"In fact, at this leak rate, thehydrazine vapor concentrations will remain well below the flammability limitsin the aft compartment for reentry," the crew's Flight Day 11 execute packagereported, adding that engineers are still unsure if it is hydrazine or nitrogenleaking from APU 1. "The teams continue to work around the clock on the groundto quantify the effects of the small N2 of fuel leak and the forward plan forreentry."

ISS set for new construction

With Discovery's Leonardo cargo podback inside its payload bay berth, the ISS is now set for futureconstruction flights to expand its living area and crew size.

"After 121's successful completionhere we can continue with assembly ops," said Rick LaBrode,NASA's lead ISS flight director for STS-121. "And if we weren't successful, weweren't going to be able to do that."

During Discovery's flight, STS-121spacewalkers PiersSellers and Michael Fossum restored the station's railcar-like MobileTransporter - vital for ISS construction - to full operation by repairinga redundant power and data cable system.

Among the notable ISS deliveries forDiscovery's crew, Reiter's arrival stands out, followed by a new Minus EightyLaboratory Freezer for ISS (MELFI) to store biological samples, a EuropeanModular Cultivation System (EMCS) for plant growth studies, and a rebuiltexercise cycle - dubbed Cycle Ergonometer withVibration Isolation and Stabilization (CEVIS).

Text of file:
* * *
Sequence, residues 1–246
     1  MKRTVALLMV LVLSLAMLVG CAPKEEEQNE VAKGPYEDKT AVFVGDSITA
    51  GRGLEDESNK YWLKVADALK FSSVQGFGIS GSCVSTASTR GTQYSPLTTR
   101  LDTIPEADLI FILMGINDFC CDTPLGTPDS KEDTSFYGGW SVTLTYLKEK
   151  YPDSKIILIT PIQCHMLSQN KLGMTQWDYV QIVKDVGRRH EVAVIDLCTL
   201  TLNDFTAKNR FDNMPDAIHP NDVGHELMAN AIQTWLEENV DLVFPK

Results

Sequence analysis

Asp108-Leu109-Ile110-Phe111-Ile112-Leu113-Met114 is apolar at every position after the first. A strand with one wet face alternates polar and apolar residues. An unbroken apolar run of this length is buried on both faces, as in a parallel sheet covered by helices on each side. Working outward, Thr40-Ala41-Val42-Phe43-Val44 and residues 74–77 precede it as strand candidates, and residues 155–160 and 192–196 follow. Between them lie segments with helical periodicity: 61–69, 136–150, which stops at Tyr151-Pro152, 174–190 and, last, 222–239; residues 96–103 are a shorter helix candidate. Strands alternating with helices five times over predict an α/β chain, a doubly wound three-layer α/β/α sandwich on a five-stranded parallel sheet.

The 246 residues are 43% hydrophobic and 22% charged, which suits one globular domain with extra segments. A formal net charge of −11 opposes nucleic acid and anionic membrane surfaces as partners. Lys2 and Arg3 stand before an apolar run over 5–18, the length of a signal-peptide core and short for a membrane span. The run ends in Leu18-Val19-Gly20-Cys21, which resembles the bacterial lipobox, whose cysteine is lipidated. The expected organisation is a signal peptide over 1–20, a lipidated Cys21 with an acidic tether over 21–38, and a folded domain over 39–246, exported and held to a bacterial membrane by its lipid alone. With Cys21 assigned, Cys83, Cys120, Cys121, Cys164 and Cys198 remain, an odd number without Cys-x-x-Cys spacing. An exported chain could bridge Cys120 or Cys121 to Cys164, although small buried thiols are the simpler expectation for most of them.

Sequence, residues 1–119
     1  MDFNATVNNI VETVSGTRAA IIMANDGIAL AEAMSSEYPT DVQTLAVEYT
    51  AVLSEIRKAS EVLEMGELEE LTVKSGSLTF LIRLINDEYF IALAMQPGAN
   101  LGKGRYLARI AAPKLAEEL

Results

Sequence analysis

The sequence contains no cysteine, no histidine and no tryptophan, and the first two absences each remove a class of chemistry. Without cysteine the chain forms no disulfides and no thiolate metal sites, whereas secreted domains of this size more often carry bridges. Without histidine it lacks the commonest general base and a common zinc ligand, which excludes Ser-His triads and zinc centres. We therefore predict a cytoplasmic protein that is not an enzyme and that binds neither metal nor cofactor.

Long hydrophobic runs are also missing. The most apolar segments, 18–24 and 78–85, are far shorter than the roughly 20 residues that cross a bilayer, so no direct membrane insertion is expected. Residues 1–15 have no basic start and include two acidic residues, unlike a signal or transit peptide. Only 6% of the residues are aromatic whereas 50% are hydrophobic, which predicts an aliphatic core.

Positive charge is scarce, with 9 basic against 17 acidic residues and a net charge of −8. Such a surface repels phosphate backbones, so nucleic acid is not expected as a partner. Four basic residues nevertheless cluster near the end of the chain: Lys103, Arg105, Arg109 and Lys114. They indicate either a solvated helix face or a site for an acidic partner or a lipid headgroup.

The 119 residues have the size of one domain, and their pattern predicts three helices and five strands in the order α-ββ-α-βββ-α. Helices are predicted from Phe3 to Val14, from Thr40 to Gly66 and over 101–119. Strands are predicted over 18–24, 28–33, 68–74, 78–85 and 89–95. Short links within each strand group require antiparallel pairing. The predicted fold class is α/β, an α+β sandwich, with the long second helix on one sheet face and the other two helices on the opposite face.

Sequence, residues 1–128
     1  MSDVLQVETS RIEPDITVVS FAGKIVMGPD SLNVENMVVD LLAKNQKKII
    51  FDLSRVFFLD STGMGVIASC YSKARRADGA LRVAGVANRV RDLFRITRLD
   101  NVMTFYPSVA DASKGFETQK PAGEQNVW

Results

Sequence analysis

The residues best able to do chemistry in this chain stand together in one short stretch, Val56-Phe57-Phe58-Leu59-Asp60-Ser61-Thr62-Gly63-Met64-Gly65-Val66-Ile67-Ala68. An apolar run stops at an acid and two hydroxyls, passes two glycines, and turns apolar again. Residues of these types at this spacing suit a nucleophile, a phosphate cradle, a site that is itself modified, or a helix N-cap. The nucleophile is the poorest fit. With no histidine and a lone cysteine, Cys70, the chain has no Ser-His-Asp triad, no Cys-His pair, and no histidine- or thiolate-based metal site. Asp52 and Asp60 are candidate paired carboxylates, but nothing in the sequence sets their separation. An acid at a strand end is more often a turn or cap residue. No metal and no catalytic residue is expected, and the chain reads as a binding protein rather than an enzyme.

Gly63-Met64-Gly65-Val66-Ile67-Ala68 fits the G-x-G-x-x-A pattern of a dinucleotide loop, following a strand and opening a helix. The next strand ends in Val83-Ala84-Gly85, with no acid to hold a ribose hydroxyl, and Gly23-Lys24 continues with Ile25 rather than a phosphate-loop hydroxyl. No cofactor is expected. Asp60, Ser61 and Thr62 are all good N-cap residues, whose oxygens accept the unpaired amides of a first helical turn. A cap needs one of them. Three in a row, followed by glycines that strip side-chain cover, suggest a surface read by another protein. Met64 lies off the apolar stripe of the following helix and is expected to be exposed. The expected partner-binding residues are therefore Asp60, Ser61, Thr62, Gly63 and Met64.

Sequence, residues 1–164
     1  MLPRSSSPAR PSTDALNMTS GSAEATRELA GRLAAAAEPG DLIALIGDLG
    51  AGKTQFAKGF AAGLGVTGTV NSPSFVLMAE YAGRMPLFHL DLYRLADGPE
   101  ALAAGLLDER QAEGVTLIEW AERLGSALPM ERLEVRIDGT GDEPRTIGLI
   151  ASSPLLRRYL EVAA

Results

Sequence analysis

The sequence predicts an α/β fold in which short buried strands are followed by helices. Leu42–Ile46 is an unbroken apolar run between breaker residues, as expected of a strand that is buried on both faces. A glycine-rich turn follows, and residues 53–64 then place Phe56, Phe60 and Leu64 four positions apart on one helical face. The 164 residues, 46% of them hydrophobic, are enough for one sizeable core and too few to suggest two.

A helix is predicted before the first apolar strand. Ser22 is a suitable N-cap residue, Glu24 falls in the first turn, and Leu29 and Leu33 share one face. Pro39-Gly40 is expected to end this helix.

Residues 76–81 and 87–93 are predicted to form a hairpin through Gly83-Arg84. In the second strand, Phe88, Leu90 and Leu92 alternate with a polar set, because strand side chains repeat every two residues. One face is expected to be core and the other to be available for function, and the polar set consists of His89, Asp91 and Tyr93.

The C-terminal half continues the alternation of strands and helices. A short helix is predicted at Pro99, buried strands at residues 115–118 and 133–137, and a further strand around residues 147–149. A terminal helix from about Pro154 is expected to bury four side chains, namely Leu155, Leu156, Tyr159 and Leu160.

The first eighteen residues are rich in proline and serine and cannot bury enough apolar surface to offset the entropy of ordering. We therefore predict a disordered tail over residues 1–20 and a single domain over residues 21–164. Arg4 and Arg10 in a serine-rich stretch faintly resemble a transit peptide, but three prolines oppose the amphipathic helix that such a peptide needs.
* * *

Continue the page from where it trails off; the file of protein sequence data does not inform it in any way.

"On this particular flight, we'vetransferred more payload cargo than any other shuttle flight," LaBrode said.

The station now has 15 water bags,redundant air conditioners, a U.S. Oxygen Generating System, six new laptopcomputers, a fresh printer and new lights scavenged from inside Leonardo, headded.

Discovery is also hauling about4,600 pounds (2,860 kilograms) - 300 pounds (136 kilograms) more than expected- of unneeded cargo back to Earth aboard Leonardo, with an additional 1,800pounds (816 kilograms) worth to be tucked in its middecklockers.

"It looks very close, we're right inthe ballpark," LaBrode said.

NASA will broadcast Discovery'sSaturday undocking live on NASATV beginning with a crew farewell ceremony at 3:38 a.m. EDT (0738 GMT). You are invited to watch the activity via's NASA TV feed, which is availableby clicking here. 

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Tariq Malik

Tariq is the Editor-in-Chief of and joined the team in 2001, first as an intern and staff writer, and later as an editor. He covers human spaceflight, exploration and space science, as well as skywatching and entertainment. He became's Managing Editor in 2009 and Editor-in-Chief in 2019. Before joining, Tariq was a staff reporter for The Los Angeles Times covering education and city beats in La Habra, Fullerton and Huntington Beach. In October 2022, Tariq received the Harry Kolcum Award for excellence in space reporting from the National Space Club Florida Committee. He is also an Eagle Scout (yes, he has the Space Exploration merit badge) and went to Space Camp four times as a kid and a fifth time as an adult. He has journalism degrees from the University of Southern California and New York University. You can find Tariq at and as the co-host to the This Week In Space podcast with space historian Rod Pyle on the TWiT network. To see his latest project, you can follow Tariq on Twitter @tariqjmalik.